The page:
Charles Baxter’s novels and short stories have often questioned the nature of their composition: Is this a story? And if so, where is the boundary between the story and the life it may or may not reflect? Where is the boundary between the author and the narrator? Sometimes his stories don’t seem to believe that they are stories, even as they spin themselves out through the lives of their characters.
His new novel, The Soul Thief, features two memorable characters — the troubled and occasional narrator, Nathaniel Mason, and the enigmatic and ominous Jerome Coolberg, perhaps one of the most interesting and unlikable characters Baxter has ever created.
The story is told in two parts. The first takes place in Buffalo in “the early 1970s, days of ecstatic bitterness and joyfully articulated rage.” Nathaniel is a graduate student, new in town, without friends or much ambition. He stumbles into love affairs and into an acquaintanceship with Jerome, who may be an evil genius or simply a poseur who has seen too many movies. As is often the case with graduate students, we can never quite be sure.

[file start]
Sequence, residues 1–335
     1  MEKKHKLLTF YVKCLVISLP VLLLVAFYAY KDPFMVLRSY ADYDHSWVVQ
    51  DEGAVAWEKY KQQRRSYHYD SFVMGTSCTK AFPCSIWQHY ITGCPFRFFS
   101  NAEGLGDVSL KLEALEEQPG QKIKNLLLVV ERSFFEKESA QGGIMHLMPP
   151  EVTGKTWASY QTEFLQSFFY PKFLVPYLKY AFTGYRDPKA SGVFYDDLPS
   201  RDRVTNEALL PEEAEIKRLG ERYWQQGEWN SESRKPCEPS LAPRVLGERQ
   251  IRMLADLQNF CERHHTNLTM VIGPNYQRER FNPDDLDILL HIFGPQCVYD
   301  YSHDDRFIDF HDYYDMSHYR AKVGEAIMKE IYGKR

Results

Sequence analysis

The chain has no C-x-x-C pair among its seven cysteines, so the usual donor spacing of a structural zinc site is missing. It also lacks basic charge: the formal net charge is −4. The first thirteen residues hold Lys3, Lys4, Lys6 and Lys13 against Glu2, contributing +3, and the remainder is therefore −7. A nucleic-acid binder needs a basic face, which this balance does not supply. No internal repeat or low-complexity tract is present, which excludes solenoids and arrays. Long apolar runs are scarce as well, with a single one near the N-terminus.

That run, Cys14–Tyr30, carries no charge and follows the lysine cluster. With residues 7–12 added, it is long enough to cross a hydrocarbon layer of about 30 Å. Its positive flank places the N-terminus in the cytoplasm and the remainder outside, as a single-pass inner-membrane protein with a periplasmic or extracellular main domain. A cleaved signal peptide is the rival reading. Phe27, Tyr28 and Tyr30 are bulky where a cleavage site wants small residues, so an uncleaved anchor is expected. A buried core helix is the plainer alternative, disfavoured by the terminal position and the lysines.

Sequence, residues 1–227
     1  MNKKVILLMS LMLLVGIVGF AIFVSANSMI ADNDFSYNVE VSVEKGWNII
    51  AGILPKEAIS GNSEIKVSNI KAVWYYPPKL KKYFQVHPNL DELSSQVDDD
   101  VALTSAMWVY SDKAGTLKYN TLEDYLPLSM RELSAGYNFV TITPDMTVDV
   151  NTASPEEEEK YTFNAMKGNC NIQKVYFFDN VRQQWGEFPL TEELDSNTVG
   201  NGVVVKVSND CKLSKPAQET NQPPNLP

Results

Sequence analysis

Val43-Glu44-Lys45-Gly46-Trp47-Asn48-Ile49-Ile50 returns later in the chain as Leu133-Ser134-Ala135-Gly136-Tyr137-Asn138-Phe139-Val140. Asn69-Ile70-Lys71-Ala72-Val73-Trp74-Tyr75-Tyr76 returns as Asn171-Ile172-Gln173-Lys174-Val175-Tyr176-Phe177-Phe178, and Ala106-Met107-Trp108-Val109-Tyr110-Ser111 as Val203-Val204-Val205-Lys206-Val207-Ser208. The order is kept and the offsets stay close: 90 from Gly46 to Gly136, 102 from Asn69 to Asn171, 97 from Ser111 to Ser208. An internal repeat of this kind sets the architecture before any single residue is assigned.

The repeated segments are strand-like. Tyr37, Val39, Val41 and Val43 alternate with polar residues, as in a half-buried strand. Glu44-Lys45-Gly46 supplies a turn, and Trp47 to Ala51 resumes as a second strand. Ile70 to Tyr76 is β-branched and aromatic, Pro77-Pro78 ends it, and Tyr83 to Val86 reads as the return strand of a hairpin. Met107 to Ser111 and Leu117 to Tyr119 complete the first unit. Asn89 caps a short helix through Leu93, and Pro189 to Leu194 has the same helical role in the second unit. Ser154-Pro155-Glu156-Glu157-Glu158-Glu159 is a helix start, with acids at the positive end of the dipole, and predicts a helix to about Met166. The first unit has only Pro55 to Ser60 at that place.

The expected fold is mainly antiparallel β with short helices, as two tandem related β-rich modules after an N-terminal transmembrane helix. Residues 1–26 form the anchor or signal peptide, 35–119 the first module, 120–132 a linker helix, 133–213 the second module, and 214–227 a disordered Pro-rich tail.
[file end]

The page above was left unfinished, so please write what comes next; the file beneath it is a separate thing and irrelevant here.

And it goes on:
Nathaniel finds himself under a subtle assault by Jerome, who seems to be assuming his identity, commandeering the facts of his life, stealing his soul. One of Nathaniel’s lovers is assaulted, and he is not sure whether or not Jerome is at fault. And the reader is never quite certain whether the assault is real or a reflection of Nathaniel’s growing psychic instability.
The second part of The Soul Thief takes place decades later. Nathaniel never finished his degree, but he recovered his stability. And then Jerome reappears, carrying a series of stories and an oddly familiar book. He continues to be cryptic and unlikable, and he has retained his weird obsession with Nathaniel’s life. He tells Nathaniel he is simply the reflection of a national trait — “No one knows who we are here, in this country, because we’re all actors, we’ve got the most fluid cards of identity in the world, we’ve got disguises on top of disguises, we’re the best on earth at what we do, which is illusion. We’re all pretenders.” Baxter keeps us uncertain about where the pretense ends, where the identity stops, and whether or not it could ever be stolen. It is a troubling effective novel, unforgettable in its uncertainties.
Charles Baxter returns to Ann Arbor to read from his new book at the Ann Arbor Book Festival “Authors at Lunch” on Wednesday, February 13. He also reads from the book at Shaman Drum later that day.
[Review published February 2008]